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Coaching duo has shot at history

This is, without a doubt, the most exciting time of the year for college football fans. Practice has just begun, and no team has yet suffered a loss, each one of which serves to dampen the spirits of the team’s fans.

The arrival of the preseason prognostication magazines and the Southeastern Conference’s Media Days officially begin the madness we take part in every fall in the South. I’ve started thumbing through the media guides (Arkansas and Auburn down, everyone else to go), played almost a full season on my college football video game (I need a win over USC to win the national championship), and began watching taped games from years past (sad, I know).

Every breeze takes me to gameday on a college campus with leaves falling all around.

The only problem is there are no games yet – and won’t be for almost another month. That leaves people such as myself plenty of time to think, and I’ve stumbled across some epiphanies (we’ll have a couple today followed up by more on Sunday):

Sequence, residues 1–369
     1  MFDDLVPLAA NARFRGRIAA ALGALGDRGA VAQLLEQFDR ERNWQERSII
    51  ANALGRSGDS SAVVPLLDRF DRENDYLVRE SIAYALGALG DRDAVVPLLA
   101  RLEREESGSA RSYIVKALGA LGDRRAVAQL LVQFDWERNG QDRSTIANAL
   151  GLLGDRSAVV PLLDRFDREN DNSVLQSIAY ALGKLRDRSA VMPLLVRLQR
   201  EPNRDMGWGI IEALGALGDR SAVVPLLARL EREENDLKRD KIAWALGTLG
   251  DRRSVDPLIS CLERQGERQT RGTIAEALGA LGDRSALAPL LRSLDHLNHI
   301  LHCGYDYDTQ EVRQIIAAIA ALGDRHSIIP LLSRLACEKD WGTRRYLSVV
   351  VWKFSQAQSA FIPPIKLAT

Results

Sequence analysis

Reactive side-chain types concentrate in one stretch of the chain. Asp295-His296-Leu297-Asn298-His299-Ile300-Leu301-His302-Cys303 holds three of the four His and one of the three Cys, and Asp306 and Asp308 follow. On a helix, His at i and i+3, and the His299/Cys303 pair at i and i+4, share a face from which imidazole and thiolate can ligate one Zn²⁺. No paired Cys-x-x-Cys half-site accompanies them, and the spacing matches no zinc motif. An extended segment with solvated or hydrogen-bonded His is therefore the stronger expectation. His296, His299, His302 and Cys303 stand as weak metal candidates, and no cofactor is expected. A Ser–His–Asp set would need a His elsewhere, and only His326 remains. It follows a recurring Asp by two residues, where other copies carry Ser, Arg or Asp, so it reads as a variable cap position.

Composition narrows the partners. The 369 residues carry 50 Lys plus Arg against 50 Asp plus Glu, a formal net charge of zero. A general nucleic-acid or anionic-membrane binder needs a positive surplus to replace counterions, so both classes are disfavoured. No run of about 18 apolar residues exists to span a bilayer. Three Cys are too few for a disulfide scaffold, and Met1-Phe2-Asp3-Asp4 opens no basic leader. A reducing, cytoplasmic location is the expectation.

Sylvester Croom can coach. This might not be breaking news since Sly was the conference’s coach of the year in 2007, but what he has done at Mississippi State goes beyond that. Not to put the cart before the horse, but Croom could have his Bulldogs primed for their best ever run.

After an 8-5 season that included wins over both Alabama and Auburn, do you think the Crimson Tide is kicking itself for opting for Mike Shula over Croom back before the 2003 season?

Hindsight, of course, is 20/20, and ‘Bama fans are probably OK with the guy now walking the sideline. Nick Saban will have the Tide winning again, and that brings up an interesting question: Can Alabama and Auburn be successful at the same time?

History suggests yes but at different levels of success. In the last half-century, there have been only three AP polls (1998, 2001 and 2003) that didn’t include at least one state school. However, there have been only six times (1963, 1972, 1974, 1986, 1989 and 1994) both teams have finished the season ranked in the top 10. The Paul “Bear” Bryant-Ralph “Shug” Jordan combination were responsible for three of those occasions, while Ray Perkins-Pat Dye, Bill Curry-Dye and Gene Stallings-Terry Bowden all had their turns.

So, can the Saban-Tommy Tuberville combination add to that short list? They’ve got a good shot this year.